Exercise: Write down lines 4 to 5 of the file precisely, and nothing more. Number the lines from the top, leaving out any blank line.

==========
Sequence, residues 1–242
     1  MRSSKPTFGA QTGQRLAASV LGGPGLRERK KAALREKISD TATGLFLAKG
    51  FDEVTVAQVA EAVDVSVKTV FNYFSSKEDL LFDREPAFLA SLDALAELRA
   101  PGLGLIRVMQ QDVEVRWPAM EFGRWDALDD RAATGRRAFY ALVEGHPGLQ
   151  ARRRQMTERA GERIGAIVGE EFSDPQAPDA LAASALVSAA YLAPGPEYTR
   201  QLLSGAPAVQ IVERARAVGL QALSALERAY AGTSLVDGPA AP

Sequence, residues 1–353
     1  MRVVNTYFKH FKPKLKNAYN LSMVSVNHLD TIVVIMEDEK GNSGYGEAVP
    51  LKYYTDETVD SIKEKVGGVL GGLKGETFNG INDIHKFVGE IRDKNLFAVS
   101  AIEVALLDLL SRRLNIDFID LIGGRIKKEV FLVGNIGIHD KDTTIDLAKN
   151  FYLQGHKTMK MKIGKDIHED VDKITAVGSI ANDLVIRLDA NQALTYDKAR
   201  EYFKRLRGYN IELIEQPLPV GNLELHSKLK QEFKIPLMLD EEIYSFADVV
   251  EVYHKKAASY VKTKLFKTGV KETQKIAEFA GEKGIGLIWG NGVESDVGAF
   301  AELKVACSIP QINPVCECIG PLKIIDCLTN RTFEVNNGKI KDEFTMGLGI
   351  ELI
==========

   101  PGLGLIRVMQ QDVEVRWPAM EFGRWDALDD RAATGRRAFY ALVEGHPGLQ
   151  ARRRQMTERA GERIGAIVGE EFSDPQAPDA LAASALVSAA YLAPGPEYTR